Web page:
No one has ever claimed that parenting was a cakewalk, but the digital age may have made things even more difficult for responsible mothers and fathers. While the benefits of technology abound, shielding children from the ways of the world is becoming exponentially more difficult as we become ever more connected. And to determine just how parents of the 21st century feel about raising kids in the throes of the mobile generation, Qualtrics conducted a survey of 1,039 parents with children between the ages of 8 and 17, and found that just about everyone is aware of the double-edged sword that technology presents.
“This generation’s parent-child relationship is much different than those of the past,” Mike Maughan, head of global insights at Qualtrics told me. “There are so many things bombarding children — whether innocuous or harmful. When it comes to children and technology, there is so much good — but also so much risk.”
While it is almost universally accepted (96 percent) that smartphones can be critical in emergency situations, some parents are also worried about the dangers posed by the Internet and its devices. 10 percent of parents say that their children have probably or definitely been bullied online, and 43 percent believe their children have accessed inappropriate content online. “A few years ago bullying was contained to individuals,” Maughan notes. “Now hostile images, videos, texts, etc. can be broadcast widely via the Internet.”
More concerning still, 42 percent of parents think their child or children have engaged with strangers through the web, but over a quarter of them say they do not monitor their children’s smartphone activity.
Most worrisome to modern day parents, however, are online relationships, with 38 percent of them noting that their kids are probably sexting. 30 percent of parents also believe that it’s “likely” their children are using dating apps. And considering the recently publicized link between Tinder and STDs, it’s no wonder moms and dads everywhere are a bit concerned. “In the past,” says Maughan, “parents worried about whether their children were getting into trouble by sneaking out at night, getting bad grades or physically endangering themselves. Today, a child could be engaging in far worse things from their phone without ever having to leave their bedroom.”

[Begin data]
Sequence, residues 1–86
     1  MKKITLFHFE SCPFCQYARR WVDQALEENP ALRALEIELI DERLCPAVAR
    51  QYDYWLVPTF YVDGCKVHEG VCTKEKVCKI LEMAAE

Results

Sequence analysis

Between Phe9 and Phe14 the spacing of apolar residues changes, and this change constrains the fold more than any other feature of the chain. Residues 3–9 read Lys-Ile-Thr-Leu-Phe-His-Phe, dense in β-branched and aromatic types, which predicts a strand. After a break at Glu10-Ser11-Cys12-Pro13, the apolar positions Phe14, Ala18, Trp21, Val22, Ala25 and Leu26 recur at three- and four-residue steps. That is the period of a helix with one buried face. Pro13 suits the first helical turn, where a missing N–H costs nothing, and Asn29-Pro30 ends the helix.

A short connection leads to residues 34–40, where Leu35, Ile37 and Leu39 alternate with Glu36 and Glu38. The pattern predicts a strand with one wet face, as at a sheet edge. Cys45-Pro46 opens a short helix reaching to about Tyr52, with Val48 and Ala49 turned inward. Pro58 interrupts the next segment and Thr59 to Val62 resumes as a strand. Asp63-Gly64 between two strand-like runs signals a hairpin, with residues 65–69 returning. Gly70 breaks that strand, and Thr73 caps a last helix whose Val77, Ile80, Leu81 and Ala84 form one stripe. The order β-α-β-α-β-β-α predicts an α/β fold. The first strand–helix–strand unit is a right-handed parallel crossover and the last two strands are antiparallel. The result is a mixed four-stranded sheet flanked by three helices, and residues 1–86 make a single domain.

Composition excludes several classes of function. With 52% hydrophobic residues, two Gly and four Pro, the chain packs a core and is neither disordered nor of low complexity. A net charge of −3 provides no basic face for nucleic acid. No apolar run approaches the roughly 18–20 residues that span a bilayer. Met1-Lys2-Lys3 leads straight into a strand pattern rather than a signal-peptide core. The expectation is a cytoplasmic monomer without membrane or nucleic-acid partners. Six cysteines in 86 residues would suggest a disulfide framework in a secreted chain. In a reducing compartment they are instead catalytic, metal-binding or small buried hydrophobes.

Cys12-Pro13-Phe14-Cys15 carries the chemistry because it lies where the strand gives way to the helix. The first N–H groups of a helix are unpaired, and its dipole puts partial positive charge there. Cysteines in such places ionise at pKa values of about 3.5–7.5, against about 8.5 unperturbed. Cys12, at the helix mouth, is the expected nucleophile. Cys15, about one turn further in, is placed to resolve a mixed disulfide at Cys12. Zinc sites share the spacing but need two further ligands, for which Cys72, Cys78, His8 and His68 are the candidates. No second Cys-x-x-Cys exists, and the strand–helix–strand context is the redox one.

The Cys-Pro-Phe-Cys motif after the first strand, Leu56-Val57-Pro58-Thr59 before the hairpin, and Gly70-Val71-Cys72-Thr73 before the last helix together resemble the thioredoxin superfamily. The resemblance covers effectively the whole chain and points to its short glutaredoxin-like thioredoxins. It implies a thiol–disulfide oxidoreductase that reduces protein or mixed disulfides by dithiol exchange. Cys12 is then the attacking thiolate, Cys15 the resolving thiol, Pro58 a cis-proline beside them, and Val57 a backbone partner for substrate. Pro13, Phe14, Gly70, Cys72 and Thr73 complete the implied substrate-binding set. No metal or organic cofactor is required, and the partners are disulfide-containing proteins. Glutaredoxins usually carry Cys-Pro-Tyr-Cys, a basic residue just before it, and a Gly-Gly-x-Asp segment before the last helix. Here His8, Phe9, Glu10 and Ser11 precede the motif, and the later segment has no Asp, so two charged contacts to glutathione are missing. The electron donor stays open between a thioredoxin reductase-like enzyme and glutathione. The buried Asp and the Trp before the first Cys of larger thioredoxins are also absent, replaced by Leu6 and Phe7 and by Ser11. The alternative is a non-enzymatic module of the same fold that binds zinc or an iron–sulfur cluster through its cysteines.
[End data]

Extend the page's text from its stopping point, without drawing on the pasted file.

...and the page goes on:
Still, in spite of the natural fears that accompany this gratuitous smartphone usage, parents seem optimistic about the usefulness of this technology as well. 75 percent of them believe technology has had a positive impact on their children’s education, and surprisingly enough, they’re also four times more likely to say that social media has been a net positive in terms of their children’s self-esteem. This, of course, stands in stark contrast to other studies that suggest that FOMO (fear of missing out) is magnified by too much time on sites like Facebook or Twitter, and that this may be linked to depression.
Ultimately, Maughan says, parents will need to learn “what they need to pay attention to and how best to monitor” their children’s habits and behavior when it comes to technology. Technology, he says, can be used for “great good or great evil,” which Maughan notes “is true of many innovations over time.”
So get used to it, kids and parents alike. Technology is here, and it’s here to stay.
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